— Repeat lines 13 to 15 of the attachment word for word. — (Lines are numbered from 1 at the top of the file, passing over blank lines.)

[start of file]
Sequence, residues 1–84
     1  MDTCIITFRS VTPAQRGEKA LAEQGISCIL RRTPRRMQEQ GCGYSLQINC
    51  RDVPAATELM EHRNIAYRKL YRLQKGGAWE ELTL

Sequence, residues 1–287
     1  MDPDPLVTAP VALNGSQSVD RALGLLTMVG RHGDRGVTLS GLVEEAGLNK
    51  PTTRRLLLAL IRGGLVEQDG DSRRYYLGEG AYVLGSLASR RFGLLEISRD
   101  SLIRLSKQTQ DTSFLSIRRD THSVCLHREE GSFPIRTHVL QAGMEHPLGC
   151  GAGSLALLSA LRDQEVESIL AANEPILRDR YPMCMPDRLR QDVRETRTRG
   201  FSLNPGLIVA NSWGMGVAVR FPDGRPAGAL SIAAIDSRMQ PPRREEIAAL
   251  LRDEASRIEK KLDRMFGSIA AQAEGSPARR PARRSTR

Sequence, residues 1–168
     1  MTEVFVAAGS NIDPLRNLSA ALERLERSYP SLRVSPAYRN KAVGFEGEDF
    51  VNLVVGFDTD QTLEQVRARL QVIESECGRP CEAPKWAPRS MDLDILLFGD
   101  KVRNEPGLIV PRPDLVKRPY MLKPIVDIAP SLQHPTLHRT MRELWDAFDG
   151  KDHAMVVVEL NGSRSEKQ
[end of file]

    51  VNLVVGFDTD QTLEQVRARL QVIESECGRP CEAPKWAPRS MDLDILLFGD
   101  KVRNEPGLIV PRPDLVKRPY MLKPIVDIAP SLQHPTLHRT MRELWDAFDG
   151  KDHAMVVVEL NGSRSEKQ